Angola is preparing to elect its next president in August 2022, amid much controversy over pending election regulations. The 2017 winner, current President João Lourenço, is expected to seek re-election next year.
The next election should mark a moment of transition and consolidation, given that João Lourenço became president after more than 30 years of rule by José Eduardo dos Santos — one of the world's longest-ruling presidents.
Dos Santos was known for his harsh authoritarian administration, marked by human rights violations and restrictions on freedoms of speech and press. Many saw a 2016 criminal case where police forces arrested a group of activists and detained them under questionable charges as emblematic of his overall rule. The incident became known as the “15+2″ case, referencing the pre-trial detention of 15 of the 17 arrested activists.
The 2022 election will be held in August but is already causing debate among Angolans. Among voters, there is mistrust about how the process has been managed and a lack of consensus about recent constitutional amendments concerning the upcoming elections.
Additionally, the laws paved the way for local elections, established a specific time period for general elections, and offered the National Bank of Angola independence from partisan oversight.
…esta revisão fica definida, entre outros mecanismos constitucionais, a fiscalização política do executivo pela Assembleia Nacional, e a universalização do direito de voto aos cidadãos angolanos residentes no exterior do país.
…this revision defines, among other constitutional mechanisms, the political oversight of the executive by the National Assembly, and the universalization of the right to vote for Angolan citizens resident outside the country.
But on September 2, opposition parties called on President João Lourenço to reject the ratification of the general elections law and return it to the National Assembly. Representatives of the parliamentary groups of UNITA, CASA-CE, PRS, and Bloco Democrático, as well as independent parliamentarians, called the legislation a “law of electoral fraud and corruption.”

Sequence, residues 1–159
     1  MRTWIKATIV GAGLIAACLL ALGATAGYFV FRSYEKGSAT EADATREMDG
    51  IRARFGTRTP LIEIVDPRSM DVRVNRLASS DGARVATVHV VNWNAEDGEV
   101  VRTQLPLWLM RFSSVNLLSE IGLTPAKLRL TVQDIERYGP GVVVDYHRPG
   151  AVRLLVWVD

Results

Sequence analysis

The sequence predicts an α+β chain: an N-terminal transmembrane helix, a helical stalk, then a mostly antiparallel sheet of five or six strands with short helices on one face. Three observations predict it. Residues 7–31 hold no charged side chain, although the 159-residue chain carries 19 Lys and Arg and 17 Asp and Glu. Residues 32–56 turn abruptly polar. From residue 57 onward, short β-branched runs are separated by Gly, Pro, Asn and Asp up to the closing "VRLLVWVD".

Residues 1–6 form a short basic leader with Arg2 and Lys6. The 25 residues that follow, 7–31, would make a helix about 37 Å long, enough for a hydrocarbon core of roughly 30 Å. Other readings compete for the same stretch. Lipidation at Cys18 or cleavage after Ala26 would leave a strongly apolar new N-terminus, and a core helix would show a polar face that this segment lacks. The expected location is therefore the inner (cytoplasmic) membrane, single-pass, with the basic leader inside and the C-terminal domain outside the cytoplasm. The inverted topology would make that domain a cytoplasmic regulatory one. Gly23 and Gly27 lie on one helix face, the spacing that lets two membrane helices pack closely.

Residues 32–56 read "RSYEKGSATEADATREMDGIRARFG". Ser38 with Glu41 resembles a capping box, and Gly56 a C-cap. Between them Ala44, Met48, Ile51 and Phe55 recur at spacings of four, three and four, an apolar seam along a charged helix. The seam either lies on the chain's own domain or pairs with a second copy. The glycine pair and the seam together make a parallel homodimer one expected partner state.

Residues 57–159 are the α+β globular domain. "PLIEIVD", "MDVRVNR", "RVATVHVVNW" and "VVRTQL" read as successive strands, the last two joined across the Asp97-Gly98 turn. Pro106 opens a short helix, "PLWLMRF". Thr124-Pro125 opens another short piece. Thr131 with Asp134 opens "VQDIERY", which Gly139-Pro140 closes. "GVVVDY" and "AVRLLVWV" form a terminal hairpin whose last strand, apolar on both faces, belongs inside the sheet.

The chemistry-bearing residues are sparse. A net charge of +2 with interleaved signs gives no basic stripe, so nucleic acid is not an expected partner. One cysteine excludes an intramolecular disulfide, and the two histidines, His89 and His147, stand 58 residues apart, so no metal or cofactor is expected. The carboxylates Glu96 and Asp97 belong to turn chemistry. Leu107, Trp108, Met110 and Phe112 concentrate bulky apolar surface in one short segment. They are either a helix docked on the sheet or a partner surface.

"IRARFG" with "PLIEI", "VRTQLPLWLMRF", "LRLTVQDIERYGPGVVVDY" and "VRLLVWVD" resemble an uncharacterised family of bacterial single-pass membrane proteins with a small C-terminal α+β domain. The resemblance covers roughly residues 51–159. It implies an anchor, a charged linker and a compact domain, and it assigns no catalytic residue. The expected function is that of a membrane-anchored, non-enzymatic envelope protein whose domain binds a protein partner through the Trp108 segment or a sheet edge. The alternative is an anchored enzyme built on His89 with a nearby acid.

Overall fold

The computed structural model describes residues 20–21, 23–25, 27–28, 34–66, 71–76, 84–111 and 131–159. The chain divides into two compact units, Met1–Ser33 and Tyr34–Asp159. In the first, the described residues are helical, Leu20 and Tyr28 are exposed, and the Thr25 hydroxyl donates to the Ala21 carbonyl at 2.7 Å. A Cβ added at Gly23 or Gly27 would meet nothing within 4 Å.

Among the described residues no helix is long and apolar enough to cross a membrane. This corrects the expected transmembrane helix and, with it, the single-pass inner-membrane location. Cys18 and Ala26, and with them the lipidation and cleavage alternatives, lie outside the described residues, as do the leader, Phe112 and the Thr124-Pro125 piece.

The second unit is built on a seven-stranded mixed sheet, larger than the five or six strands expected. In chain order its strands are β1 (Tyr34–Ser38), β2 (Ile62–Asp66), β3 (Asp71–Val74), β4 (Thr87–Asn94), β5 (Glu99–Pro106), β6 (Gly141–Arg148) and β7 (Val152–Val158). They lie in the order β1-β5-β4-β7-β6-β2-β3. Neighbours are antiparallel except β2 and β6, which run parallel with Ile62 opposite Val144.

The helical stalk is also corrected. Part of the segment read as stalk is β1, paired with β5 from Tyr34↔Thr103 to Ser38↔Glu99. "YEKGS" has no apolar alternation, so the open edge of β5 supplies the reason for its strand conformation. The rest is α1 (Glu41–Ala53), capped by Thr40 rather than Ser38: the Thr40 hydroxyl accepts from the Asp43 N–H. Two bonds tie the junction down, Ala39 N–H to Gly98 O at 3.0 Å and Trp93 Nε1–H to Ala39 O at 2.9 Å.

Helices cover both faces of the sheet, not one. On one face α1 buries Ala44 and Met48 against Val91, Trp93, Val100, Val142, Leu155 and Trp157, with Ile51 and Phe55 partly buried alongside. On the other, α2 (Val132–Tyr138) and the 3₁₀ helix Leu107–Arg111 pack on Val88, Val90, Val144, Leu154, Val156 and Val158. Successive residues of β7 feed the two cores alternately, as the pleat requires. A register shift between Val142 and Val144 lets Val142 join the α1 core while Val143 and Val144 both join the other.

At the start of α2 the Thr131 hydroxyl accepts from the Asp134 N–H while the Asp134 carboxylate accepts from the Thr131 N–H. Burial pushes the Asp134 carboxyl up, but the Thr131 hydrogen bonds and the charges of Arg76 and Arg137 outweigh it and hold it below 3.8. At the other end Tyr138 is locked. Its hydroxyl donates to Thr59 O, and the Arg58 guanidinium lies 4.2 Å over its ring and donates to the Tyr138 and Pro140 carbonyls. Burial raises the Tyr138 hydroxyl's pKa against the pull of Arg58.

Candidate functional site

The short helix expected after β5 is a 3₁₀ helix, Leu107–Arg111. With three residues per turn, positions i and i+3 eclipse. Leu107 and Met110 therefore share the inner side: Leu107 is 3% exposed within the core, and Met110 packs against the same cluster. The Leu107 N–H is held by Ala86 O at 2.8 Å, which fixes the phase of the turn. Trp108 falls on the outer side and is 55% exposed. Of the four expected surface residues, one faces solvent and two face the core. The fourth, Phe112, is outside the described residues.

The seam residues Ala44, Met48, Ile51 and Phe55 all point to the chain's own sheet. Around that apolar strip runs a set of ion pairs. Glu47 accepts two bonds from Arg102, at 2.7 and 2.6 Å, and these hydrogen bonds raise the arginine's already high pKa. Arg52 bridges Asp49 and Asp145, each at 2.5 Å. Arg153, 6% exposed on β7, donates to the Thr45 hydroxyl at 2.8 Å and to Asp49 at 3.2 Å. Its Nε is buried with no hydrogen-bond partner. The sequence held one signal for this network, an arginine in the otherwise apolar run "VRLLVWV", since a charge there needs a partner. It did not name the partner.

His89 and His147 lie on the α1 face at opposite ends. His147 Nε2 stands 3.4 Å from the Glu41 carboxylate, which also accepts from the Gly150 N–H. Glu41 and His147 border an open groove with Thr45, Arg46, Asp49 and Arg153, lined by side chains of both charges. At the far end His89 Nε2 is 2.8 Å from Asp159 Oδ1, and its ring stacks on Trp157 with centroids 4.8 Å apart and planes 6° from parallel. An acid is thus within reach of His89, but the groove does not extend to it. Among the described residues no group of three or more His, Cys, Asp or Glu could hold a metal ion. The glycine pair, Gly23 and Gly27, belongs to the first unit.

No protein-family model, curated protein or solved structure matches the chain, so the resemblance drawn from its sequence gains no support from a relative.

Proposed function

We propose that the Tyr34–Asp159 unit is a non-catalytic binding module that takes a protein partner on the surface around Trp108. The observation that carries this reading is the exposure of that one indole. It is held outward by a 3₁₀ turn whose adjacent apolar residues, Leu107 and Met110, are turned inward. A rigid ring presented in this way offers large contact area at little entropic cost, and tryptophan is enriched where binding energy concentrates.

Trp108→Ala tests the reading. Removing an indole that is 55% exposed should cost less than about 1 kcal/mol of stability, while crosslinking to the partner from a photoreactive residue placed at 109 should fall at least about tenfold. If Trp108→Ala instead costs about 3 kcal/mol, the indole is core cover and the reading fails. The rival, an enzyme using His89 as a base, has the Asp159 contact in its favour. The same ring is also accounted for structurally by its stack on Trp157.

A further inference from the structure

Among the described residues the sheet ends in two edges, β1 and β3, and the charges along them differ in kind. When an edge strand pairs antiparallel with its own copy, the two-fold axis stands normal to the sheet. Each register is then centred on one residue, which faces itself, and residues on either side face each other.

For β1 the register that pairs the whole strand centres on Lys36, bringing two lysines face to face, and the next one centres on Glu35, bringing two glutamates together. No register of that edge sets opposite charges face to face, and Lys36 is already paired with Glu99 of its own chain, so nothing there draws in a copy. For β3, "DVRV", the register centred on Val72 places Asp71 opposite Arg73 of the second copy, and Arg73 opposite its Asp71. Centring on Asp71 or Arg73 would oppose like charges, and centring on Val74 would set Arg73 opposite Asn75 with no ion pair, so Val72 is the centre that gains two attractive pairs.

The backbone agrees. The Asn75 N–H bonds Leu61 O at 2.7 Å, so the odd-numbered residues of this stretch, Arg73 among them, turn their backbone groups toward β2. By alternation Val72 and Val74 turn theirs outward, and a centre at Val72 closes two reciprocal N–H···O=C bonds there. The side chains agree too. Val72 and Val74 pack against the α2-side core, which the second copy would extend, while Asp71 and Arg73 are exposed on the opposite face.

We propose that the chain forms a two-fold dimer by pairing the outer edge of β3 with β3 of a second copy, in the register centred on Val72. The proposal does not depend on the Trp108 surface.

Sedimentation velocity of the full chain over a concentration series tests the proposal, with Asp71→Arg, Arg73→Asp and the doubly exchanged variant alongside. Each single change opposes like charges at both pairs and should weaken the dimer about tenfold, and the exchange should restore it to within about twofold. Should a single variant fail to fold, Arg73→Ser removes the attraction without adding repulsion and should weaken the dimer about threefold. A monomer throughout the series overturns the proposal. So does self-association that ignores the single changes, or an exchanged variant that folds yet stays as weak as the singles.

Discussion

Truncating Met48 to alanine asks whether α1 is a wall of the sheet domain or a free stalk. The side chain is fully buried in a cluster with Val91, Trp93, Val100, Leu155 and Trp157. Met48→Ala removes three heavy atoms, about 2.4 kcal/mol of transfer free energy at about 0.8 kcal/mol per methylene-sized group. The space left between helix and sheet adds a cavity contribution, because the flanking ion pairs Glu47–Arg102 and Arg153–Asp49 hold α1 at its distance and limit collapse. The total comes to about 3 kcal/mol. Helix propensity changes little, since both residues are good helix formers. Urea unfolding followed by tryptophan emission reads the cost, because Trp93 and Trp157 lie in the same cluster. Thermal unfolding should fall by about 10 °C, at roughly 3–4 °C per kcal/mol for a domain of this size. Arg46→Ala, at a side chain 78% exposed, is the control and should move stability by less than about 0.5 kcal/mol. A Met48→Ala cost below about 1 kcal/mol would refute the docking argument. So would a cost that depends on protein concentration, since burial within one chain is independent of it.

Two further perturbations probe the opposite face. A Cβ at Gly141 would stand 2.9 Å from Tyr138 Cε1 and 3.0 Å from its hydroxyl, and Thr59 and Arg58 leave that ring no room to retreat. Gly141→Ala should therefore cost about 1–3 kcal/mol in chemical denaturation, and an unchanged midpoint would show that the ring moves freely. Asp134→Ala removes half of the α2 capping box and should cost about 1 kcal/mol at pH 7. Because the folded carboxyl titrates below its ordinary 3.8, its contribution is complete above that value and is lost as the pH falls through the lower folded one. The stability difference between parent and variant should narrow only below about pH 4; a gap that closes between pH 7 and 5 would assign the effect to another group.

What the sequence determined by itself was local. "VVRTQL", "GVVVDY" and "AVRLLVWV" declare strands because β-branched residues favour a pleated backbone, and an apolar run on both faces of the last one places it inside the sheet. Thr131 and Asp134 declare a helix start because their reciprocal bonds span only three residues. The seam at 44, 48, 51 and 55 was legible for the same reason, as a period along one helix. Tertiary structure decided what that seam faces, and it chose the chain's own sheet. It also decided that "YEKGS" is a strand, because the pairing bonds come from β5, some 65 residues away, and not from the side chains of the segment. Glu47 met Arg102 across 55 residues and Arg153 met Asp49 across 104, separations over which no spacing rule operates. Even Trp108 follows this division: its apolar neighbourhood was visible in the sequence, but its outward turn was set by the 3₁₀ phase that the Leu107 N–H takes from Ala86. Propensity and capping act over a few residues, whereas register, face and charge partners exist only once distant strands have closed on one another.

Days before the recent approval, João Lourenço had already guaranteed that the elections would take place, to allay suspicions that they might be annulled for any reason.
Jovens manifestantes em Luanda queixam-se de terem sido impedidos pela polícia nacional de se concentrarem hoje defronte à Assembleia Nacional (parlamento), onde pretendiam “exigir justiça e transparência” na discussão das leis de alteração ao pacote eleitoral.
Young protesters in Luanda complained of being prevented by the national police from gathering in front of the National Assembly, where they intended to “demand justice and transparency” in the debate on amending electoral legislation.
On the day of the demonstration, in an interview with Deutsche Welle, the young activists complained of the police's actions:
A polícia está mais uma vez a interditar a nossa marcha, pretendemos chegar até ao portão sul da Assembleia Nacional para podermos efetivar a realização da nossa manifestação que visa exigir aos nossos deputados que votem uma lei justa que possa garantir eleições transparente no nosso país.
The police are once again blocking our march, we intend to reach the southern gate of the National Assembly so that we can hold our demonstration which aims to demand that our deputies vote for a fair law that can guarantee transparent elections in our country.
In terms of strategy, opposition parties are trying to cooperate to form a united front against the 2022 elections, as VOA reported:
O maior partido da oposição, a UNITA, está neste momento a finalizar a formação de uma Frente Patriótica, com o Bloco Democrático e o projecto Pra-Já Servir Angola visando chegar às eleições de 2022 com um bloco unido face ao MPLA.
The largest opposition party, UNITA, is currently finalizing the formation of a Patriotic Front, with Bloco Democrático and the project Pra-Já Servir Angola, aiming to head into the 2022 elections with a united bloc against the MPLA.